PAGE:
By Isaiah Phillips
Howard University News Service
On March 28, a Georgia law was passed preventing the supply of water and food to voters standing in long lines for extended periods of time. Georgia’s Governor Brian Kemp signed a sweeping election bill that banned giveaways within a certain distance from voting poll sites.
Governor Kemp’s law came at a time when he was preparing to gear up in a rematch for the office against Stacey Abrams, an activist who focused on getting citizens of Georgia to vote in the 2020 elections.
Georgia’s laws created an uproar in Georgia and throughout the country. Protesters took to the streets in opposition.
Nndidi Chiazor, a political science and sociology double major at Howard University is passionate about the impact of voter suppression.
“I think that the voter suppression we have seen in recent years is very disheartening,” said Chiazor.
“We have seen it a lot in legislation. For example, broad restrictions on mail voting in various states, or more specifically Georgia banning the distribution of water or snacks to voters waiting in line, knowing the state has notoriously long wait times in some elections.”
He noted that these policies specifically target and impact marginalized communities.
Eve Morency and Clyde Skeete, both students at Howard University, spoke about their disappointment in the way votes are being counted.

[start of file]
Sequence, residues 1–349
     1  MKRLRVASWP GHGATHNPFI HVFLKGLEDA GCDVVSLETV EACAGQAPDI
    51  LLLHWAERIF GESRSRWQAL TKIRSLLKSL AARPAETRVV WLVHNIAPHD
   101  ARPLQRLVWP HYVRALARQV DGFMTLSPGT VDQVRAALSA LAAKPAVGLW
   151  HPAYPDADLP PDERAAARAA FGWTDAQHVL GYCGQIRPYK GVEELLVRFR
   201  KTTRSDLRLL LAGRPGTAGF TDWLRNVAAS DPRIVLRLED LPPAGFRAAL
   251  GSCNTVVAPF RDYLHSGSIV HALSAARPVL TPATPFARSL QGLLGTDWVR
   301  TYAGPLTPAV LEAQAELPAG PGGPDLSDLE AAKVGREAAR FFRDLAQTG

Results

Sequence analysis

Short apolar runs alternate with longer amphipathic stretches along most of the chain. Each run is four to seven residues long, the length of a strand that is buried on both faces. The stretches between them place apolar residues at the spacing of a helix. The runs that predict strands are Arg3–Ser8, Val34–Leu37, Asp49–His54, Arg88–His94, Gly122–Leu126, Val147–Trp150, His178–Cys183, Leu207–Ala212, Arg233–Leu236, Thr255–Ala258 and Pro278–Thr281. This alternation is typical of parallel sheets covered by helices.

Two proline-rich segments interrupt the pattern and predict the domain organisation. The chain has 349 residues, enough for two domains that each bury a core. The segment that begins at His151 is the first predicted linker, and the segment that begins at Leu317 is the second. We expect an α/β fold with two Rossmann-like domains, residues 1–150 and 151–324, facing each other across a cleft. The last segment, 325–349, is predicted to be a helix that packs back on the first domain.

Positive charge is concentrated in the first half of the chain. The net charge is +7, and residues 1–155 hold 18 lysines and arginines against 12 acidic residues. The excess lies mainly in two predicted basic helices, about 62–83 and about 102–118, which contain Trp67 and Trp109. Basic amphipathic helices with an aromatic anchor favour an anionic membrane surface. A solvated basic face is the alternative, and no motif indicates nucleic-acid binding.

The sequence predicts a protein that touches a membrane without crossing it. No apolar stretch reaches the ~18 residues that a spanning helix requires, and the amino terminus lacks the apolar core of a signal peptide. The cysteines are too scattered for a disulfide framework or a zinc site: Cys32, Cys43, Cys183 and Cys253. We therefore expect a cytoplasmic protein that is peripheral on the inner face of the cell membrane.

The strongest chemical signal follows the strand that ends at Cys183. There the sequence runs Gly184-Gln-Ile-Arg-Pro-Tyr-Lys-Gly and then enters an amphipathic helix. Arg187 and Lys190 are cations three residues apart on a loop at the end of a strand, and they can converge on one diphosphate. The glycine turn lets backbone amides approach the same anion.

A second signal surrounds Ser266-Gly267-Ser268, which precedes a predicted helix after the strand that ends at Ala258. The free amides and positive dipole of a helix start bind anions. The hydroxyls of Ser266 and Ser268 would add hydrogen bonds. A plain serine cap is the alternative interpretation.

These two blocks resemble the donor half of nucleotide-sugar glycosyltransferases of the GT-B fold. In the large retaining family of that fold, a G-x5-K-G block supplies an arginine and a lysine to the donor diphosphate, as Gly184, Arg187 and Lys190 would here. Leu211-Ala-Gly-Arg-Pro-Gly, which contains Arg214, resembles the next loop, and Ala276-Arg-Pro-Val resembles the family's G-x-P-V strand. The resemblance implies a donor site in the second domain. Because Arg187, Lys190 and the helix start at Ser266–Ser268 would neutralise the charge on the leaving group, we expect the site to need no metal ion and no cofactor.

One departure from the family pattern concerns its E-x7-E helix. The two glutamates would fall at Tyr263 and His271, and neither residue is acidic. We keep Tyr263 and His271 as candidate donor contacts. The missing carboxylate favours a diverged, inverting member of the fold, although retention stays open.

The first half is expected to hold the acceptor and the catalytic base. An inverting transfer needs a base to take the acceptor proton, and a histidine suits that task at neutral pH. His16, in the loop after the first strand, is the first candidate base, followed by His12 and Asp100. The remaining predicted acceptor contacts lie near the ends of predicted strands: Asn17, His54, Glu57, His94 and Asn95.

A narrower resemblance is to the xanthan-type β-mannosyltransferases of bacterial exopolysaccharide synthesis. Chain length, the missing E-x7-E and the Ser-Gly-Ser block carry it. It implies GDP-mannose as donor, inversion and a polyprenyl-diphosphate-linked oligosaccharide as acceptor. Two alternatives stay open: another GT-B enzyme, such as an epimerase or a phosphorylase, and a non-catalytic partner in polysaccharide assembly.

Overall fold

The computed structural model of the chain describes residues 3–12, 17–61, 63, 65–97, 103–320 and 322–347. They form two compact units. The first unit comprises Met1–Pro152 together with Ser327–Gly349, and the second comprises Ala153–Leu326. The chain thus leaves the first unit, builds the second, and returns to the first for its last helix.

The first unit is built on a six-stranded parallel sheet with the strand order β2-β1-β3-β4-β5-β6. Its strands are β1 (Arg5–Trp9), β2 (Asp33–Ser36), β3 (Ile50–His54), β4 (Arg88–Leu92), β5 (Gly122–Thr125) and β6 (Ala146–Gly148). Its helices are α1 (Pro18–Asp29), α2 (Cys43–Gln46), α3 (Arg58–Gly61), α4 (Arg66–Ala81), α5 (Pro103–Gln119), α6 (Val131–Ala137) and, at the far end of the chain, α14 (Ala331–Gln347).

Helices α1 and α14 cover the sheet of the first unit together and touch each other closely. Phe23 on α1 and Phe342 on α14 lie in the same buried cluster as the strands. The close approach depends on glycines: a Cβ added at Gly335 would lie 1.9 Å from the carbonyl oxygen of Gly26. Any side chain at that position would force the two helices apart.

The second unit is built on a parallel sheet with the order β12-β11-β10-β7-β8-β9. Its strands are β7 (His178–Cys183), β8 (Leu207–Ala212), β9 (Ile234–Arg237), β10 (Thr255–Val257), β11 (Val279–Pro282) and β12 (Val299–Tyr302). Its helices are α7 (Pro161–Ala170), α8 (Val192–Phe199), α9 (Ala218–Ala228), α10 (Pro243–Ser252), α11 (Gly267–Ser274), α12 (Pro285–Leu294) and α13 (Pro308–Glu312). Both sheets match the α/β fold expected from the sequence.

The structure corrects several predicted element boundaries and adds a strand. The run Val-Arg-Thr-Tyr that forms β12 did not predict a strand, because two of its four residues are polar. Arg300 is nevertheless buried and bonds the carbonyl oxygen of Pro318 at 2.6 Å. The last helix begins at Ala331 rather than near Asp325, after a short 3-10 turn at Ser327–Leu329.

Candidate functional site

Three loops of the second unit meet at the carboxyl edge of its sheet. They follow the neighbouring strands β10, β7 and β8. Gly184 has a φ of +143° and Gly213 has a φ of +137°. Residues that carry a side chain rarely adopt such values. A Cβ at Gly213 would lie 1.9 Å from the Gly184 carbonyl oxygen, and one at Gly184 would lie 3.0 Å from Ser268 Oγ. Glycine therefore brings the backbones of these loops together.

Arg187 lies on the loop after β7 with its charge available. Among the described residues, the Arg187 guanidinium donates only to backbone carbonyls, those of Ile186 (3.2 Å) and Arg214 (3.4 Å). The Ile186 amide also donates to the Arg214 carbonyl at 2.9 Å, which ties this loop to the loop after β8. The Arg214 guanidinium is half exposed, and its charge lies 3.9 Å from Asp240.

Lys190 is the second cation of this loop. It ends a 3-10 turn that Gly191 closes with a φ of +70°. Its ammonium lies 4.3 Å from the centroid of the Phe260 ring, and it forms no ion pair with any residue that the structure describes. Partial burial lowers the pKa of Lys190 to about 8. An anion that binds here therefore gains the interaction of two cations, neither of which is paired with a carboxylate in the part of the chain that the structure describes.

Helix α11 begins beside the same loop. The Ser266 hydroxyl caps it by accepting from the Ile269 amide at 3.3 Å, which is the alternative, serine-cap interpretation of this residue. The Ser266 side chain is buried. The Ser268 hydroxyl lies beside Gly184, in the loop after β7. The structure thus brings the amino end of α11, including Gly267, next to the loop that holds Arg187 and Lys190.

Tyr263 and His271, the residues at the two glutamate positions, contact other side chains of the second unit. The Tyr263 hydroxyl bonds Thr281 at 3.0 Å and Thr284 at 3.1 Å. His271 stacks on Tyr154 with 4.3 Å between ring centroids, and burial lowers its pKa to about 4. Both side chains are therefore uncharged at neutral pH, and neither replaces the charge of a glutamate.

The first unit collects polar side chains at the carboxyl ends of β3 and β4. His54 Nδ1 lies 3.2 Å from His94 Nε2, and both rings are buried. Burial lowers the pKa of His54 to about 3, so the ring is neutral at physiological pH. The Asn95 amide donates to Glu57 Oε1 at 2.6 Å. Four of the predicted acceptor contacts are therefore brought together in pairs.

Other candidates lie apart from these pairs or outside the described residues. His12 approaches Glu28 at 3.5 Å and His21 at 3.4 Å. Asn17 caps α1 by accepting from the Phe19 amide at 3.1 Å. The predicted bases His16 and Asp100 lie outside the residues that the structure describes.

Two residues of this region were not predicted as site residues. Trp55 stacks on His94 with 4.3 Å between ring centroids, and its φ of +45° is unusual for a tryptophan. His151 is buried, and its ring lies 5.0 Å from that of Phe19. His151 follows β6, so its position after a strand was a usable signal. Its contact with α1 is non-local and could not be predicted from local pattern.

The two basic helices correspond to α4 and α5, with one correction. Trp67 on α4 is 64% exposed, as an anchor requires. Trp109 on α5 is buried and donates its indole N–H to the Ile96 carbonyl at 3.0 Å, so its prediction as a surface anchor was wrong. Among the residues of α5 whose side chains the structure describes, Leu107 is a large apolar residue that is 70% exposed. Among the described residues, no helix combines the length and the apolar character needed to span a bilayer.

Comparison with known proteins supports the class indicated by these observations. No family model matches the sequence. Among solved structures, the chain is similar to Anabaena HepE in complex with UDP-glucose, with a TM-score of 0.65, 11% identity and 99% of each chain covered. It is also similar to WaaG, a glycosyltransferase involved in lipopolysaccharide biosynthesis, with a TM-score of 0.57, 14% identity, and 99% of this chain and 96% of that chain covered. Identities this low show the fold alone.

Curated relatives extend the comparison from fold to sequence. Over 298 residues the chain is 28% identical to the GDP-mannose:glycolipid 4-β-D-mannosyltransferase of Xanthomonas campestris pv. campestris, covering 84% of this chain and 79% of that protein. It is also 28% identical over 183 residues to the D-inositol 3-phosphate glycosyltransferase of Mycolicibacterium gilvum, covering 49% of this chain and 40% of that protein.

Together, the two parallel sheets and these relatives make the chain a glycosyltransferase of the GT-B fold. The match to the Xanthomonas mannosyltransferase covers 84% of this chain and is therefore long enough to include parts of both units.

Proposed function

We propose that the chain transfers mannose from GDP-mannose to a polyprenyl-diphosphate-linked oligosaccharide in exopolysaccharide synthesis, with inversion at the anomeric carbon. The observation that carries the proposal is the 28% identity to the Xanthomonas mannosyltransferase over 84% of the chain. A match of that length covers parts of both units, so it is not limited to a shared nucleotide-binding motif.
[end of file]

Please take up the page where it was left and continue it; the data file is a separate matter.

“I feel like it’s horrible and being that this is the land of the free and a democracy, it shouldn’t be happening at all,” said Skeete
“I don’t believe all votes are being counted fairly, especially the ones in the mail,” said Morency.
It was clear that some first-time voters seemingly have doubts about the way elections are being conducted.
“With mail ballots, anything can happen. in my opinion, my safest way to vote would have to be to register at the nearest poll and cast your vote,” Skeete said.
Jahenyah Christian, an education major at Howard had another take.
“I believe all votes are counted fairly, I haven’t seen many factual and unbiased articles that express that absentee mail-in ballots are biased and unfair. I don’t know for sure if the mail doesn’t get to its correct place, but that’s why certain states have regulations and deadlines,” said Christian.
Students at other HBCUs had varying perspectives on the midterm elections. Sian Lee, a psychology major at Spelman College talked about the impact of potential voter suppression.
“Voter suppression limits the amount of power that African-American people have, it is a problem because it violates constitutional rights. I would hope that all votes are counted equally as the American government system can not be trusted. The government places the needs of policy over its people,” said Lee.